You likely wouldn’t be excited if you had to eat the same food for the rest of your life.

Boring!

However, that’s how your audience feels when you use only one type of material to market to them.

To switch things up and effectively promote your brand, it’s crucial to use the different types of marketing collateral at your disposal.

What Is Marketing Collateral?

Marketing collateral is any communication material or media you can use to promote your company’s product and services.

Marketers can use marketing collateral to:


  • Build brand awareness

  • Attract new leads

  • Nurture existing leads

  • Provide support for the sales team

  • Increase customer loyalty

  • Win repeat customers

Let’s now check out the 25 types of marketing collateral you can create to promote your brand.

As you go through the list, don’t fret if you don’t already create these types of marketing materials. Instead, focus on creating the ones most relevant to your business.

1. Blog Posts

Blog posts are among the most common collateral marketers create to attract more leads. These blog posts usually live on the company website and are optimized to rank high on search engines.

It’s essential to create blog posts to help you alleviate your customers’ pain points and offer education that fills their knowledge gaps.

When your audience finds consistent value in your blog content, it becomes easier for them to trust and view you as an authority, making them less hesitant to buy or try out your products and services.

For example, here at CoSchedule, we have many blog posts that help us drive traffic, establish brand expertise, generate leads, and drive engagement.

Screenshot of a collection of blog examples that help us drive traffic, establish brand expertise, generate leads, and drive engagement.

Most of these posts help us address our audience at the top of the sales funnel and move them through the entire marketing funnel till they become customers and brand advocates.

2. Landing Pages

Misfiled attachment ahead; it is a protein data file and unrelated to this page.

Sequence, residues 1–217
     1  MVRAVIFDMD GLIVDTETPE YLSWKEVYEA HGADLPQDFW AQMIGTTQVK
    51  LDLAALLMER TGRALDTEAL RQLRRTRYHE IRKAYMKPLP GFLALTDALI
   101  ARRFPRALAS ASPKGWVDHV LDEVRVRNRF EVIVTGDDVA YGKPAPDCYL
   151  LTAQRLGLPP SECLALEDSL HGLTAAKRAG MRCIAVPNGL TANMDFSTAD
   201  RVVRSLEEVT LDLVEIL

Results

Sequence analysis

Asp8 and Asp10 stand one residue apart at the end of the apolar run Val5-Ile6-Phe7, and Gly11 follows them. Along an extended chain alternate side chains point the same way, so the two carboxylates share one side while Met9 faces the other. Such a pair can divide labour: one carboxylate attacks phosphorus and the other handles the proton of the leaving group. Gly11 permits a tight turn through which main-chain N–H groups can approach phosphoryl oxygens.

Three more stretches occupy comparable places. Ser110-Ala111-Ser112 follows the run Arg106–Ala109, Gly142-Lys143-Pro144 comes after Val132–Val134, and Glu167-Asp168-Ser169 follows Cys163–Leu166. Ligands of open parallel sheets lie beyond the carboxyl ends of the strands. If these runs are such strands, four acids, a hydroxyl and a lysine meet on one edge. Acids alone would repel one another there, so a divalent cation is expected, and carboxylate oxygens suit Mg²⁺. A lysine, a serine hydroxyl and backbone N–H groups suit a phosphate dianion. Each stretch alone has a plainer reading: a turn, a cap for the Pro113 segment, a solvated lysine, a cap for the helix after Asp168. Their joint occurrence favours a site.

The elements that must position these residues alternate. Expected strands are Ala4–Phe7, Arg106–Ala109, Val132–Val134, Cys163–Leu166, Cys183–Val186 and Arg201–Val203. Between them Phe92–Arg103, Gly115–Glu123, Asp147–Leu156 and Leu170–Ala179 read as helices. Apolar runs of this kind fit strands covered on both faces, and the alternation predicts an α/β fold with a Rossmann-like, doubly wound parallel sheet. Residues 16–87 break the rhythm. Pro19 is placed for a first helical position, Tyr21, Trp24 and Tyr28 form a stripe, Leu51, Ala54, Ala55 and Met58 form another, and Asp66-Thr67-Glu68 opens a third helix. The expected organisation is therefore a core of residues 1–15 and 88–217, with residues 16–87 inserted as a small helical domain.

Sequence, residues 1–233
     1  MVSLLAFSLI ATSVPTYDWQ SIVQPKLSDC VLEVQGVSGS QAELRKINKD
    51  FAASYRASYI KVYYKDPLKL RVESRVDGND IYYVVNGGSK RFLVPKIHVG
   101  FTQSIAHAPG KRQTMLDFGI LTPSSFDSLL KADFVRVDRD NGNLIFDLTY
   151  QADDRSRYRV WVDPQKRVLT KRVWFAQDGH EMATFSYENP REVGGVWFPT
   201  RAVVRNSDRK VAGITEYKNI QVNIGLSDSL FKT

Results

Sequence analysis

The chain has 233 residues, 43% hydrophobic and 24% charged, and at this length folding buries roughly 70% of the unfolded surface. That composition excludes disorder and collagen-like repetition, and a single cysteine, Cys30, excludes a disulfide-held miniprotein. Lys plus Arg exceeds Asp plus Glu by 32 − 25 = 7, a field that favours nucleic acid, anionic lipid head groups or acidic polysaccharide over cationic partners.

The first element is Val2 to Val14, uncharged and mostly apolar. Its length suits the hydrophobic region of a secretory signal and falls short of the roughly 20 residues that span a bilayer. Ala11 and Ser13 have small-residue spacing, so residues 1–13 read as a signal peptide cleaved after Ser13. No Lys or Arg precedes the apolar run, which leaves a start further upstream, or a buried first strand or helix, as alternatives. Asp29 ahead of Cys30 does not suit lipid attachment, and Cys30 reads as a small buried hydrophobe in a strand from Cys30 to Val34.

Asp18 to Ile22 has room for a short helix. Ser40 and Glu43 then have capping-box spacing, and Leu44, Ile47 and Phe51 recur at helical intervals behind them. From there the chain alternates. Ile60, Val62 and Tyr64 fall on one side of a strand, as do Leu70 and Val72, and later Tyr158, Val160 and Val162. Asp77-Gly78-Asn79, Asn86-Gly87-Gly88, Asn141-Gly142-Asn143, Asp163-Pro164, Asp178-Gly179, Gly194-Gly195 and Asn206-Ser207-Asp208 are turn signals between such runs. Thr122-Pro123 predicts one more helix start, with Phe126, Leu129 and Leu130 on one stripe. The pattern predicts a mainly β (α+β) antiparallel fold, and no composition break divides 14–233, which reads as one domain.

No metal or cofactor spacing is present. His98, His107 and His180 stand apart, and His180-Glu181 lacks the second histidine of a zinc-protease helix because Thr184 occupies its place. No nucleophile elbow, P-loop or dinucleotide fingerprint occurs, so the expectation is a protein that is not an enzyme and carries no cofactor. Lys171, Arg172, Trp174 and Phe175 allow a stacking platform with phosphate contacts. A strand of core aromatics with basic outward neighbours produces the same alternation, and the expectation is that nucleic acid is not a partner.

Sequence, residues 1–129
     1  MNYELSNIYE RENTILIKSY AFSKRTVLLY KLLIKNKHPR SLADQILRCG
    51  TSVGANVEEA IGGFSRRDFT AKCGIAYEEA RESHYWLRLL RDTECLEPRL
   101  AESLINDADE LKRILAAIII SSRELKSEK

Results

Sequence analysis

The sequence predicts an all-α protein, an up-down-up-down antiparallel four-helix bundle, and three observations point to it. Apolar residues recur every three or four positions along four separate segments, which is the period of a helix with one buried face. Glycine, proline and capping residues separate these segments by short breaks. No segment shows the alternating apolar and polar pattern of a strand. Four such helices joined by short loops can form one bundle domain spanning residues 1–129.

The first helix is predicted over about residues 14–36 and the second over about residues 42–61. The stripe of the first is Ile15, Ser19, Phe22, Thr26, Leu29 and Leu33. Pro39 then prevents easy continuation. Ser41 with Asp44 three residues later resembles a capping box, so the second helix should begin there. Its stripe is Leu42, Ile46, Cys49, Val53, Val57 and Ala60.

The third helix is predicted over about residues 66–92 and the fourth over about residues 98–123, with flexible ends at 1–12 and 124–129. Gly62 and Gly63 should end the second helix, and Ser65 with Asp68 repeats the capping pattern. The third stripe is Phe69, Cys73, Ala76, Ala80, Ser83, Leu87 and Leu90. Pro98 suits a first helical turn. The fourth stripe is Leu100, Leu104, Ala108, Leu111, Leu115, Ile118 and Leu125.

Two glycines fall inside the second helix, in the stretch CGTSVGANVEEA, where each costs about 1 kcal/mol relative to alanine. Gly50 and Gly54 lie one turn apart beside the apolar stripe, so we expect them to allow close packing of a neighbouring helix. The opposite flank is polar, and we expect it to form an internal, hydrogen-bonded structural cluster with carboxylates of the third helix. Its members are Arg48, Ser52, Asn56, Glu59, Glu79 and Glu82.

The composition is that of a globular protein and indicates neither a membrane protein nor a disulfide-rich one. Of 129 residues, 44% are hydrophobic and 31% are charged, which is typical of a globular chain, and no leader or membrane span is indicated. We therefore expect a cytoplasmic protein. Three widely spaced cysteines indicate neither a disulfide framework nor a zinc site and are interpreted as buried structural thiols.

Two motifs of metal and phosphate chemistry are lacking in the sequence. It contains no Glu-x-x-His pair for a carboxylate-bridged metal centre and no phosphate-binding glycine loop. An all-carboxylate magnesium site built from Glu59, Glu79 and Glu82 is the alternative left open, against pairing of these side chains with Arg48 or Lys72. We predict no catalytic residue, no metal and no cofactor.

A landing page is a standalone web page created to convert traffic from advertising and marketing campaigns.

Unlike other web pages with multiple links and different calls to action (CTAs), a landing page should have a single conversion goal—whether to make people download an ebook, buy a product, register for an event, or something else.

Because they are specific and targeted, landing pages help marketers quickly convert their audience into leads.

Here’s a short landing page example with the specific goal of making people sign up for an event.

Some of the best practices for creating landing pages that work include:


  • Using a clear benefit-driven headline

  • Replacing industry jargon with clear and simple language

  • Personalizing your CTAs

3. Branded Content

Branded content is created to build awareness about a brand by associating it with other content with aligned values.

A great example of branded content in action is The Lego Movie, which doubled as a branded content campaign for Lego toys.

Lego focused on making a good movie first instead of looking for clever product placement, which made the campaign a win-win situation—they made a great movie and sold a ton of toys.

Lego toys as characters utilized as branding for the Lego movie Source

4. Infographics

Infographics are a fun and visual marketing collateral you can create to engage your audience.

Because of their graphic nature, infographics are handy for visualizing data, timelines, or breaking down complex subjects into a simpler and easier-to-understand format.

Considering that more than half of the brain’s surface is devoted to processing visual information, it’s a no-brainer to create visual marketing collateral like infographics. In addition, the visuals and colors present in infographics help businesses sell up to 80% more.

Here’s how to create an infographic in seven simple steps:


  • Find a topic

  • Do your research

  • Gather visual inspiration

  • Design your infographic

  • Review for consistency

  • Add a call to action, credits, and sources

  • Publish and share

To inspire you, check this infographic we created.

Eye catching CoSchedule infographic example Click to see the full infographic

5. Brochures

Unlike the other marketing collaterals we’ve mentioned already, brochures can appear both offline and online.

Before the rise of the internet, companies primarily used brochures to promote their offerings to an audience through physical or in-person interactions.

Although some companies still print physical brochures, many have chosen a digital format for their brochures. That way, they save money on printing and make the brochures easily accessible to their audience.

Whether printed or digital, brochures work because they’re usually visually appealing and versatile. For instance, a restaurant can create a single brochure that contains information about their menu, opening hours, and even coupons customers can cut and use.

picture of restaurant menu brochure Source

No matter what you choose to do with your brochure, it’s essential to write marketing copy that attracts your dream customers.

6. Event Magazines

Now that the world is slowly opening up after the COVID-19 pandemic, companies can create event magazines to promote their conferences and events.

Unlike other types of magazines, these are created specifically for the purpose of each event.

In the magazine, people can find a recap of the event, pictures of the attendees, and information about future events.